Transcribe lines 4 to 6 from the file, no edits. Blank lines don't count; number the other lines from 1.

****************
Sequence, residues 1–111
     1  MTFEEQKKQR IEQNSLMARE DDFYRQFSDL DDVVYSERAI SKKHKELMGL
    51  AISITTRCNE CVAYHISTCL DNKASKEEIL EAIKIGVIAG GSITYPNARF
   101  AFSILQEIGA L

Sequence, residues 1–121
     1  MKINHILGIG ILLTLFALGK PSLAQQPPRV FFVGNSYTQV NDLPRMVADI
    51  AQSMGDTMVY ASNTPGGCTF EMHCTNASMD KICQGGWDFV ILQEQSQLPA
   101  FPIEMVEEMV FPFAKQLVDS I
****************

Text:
   101  AFSILQEIGA L

Sequence, residues 1–121
     1  MKINHILGIG ILLTLFALGK PSLAQQPPRV FFVGNSYTQV NDLPRMVADI